A hefty jump in financing costs for Suncor Energy Inc. – which enjoys one of its industry’s best credit ratings – shows how debt markets have become wary of the Canadian oil patch as it struggles with the collapse of crude prices.
Suncor said late Tuesday it raised $1.25-billion in an offering of 10-year notes to repay other debt, at an interest rate that is nearly two percentage points higher than its last debt offering nearly a year ago.
As debt costs for Canada’s largest oil producer and refiner rise, small and mid-size oil and gas companies face shrunken lines of credit. This has added urgency for an expected multibillion-dollar federal aid package, which may give banks added security to keep lending to the industry in one of its darkest times. Details of the package have yet to be announced and the process has taken longer than the government had previously suggested.
Oil prices are down 60 per cent in the past three months, as global demand plummeted because of the COVID-19 pandemic. Meanwhile, Saudi Arabia and Russia opened the taps in a battle for market share. West Texas Intermediate crude rose US$1.46 to US$25.09 a barrel on Wednesday, on hopes that oil producers inside and outside the Organization of Petroleum Exporting Countries will agree to reduce output this week.
The Canadian industry’s cash flows have dwindled, and companies are expected to shut off more than a million barrels a day of production as storage facilities fill up. The pressures put access to credit into sharp focus.
“When you see Suncor’s cost of borrowing go up that much, what does that tell you about all these other smaller companies?” said Jeremy McCrea, analyst at Raymond James. “It’s come to the point where they wouldn’t be able to borrow here. That’s situation we are in now, where the government has to come in and provide some kind of mechanism to continue liquidity.”
Suncor said it had increased its liquidity by $3.75-billion in recent weeks, with the issue of unsecured notes and a $2.5-billion increase to its credit line. “This increased financial flexibility ensures the company will have access to adequate financial resources should it be required,” it said.
The company is in a rare group within the oil sector able to issue debt in this environment, but it has not been cheap. The yield to maturity on the notes is 5.04 per cent, compared with 3.13 per cent on 10-year notes it issued last May, when the Bank of Canada overnight rate was 150 basis points higher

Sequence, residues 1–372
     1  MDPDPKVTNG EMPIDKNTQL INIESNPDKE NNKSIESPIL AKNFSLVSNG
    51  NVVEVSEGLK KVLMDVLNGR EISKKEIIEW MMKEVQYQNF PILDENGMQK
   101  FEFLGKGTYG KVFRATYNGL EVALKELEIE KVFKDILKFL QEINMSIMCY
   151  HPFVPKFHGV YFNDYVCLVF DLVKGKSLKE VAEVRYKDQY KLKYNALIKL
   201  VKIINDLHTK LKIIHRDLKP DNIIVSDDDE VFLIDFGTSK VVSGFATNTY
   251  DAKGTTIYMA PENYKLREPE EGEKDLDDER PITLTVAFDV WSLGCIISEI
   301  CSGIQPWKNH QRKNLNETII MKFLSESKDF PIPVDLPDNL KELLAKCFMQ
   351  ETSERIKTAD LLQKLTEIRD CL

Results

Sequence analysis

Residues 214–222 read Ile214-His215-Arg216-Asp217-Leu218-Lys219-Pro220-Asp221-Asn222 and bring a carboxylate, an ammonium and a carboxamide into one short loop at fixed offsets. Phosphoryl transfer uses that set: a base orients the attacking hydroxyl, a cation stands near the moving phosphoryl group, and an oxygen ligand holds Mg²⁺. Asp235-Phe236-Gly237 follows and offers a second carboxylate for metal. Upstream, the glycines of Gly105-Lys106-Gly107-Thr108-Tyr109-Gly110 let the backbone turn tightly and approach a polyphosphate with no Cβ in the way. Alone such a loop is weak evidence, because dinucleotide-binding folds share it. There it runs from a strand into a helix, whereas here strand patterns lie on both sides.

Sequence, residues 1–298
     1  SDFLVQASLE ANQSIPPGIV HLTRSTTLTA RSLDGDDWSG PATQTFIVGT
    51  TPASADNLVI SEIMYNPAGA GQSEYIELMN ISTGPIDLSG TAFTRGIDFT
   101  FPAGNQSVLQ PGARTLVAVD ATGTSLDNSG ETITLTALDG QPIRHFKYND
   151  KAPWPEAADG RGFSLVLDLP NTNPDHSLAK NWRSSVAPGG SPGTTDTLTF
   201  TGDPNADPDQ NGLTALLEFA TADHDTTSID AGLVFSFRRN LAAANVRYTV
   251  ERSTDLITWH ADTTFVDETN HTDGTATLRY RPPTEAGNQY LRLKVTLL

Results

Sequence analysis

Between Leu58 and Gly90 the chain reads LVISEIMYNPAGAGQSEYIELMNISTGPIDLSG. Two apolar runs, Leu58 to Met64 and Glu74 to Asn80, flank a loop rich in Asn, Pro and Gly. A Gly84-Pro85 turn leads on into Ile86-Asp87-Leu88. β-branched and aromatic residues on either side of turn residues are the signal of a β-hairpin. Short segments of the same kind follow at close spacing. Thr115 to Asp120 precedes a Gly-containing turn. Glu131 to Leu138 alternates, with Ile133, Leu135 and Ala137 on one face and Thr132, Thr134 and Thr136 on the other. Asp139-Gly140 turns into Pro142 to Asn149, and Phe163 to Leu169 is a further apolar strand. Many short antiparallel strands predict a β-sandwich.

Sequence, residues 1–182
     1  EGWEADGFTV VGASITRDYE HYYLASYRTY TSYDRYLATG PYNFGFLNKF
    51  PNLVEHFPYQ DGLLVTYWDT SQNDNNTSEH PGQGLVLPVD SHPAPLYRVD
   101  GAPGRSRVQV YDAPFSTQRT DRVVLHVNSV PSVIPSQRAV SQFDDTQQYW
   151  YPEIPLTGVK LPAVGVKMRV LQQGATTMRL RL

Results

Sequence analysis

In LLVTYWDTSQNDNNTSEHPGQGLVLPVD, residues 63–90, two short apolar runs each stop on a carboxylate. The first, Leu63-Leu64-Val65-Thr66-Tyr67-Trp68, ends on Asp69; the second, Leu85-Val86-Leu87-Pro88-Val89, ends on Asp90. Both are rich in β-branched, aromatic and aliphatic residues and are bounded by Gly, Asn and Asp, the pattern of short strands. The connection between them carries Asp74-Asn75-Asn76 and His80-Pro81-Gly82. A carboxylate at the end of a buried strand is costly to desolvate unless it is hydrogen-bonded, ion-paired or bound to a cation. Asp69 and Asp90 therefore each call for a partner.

Other companies are not so fortunate. Many smaller producers have credit backed by the value of their oil and gas reserves, and that capacity is currently being evaluated by lending syndicates based on expectations for sharply lower oil prices.
Despite the rapid price collapse and reduction in cash flows, it is unlikely that banks will want to pull lines of credit, Mr. McCrea said. However, borrowing capacity in many cases will be reduced to the levels that have already been drawn, he said. This is especially true for companies that have other debt on their books that is set to mature in the coming year.
Industry groups, including the Canadian Association of Petroleum Producers, have said maintaining access to capital is key to a federal support package. Sharply reduced lines of credit could leave some companies hamstrung if the market recovers and they cannot access funding to resume boosting production and recover, Mr. McCrea said.
Dave McKay, chief executive officer of Royal Bank of Canada, said the situation is similar to the oil-price fall that hit the industry in 2015, which raised fears of debt defaults. The borrowing-base calculations will last through the next seven weeks, and lenders will have a better view of what is in store for energy markets then.
“It’s a company-by-company decision, whether it can raise more equity, whether it can bridge," Mr. McKay told reporters after RBC’s annual meeting. "And again, those decisions will be made in the context of, what information do we have in May that’s different than we have today, and how long this pandemic will last.”
Finance Minister Bill Morneau has said the government is considering ways to backstop lenders, and two weeks ago said details of an aid package would be announced in “hours, potentially days.” Mr. McKay said he has seen no details.
“You have to expect that not all entities will survive through this process. Some of the weaker entities with higher cost of production may not see enough support to get through," he said. "There will be consolidation, I think, on both sides of the border. But you still want to protect the core of your sector, and I think the programs could take a number of shapes or forms.”
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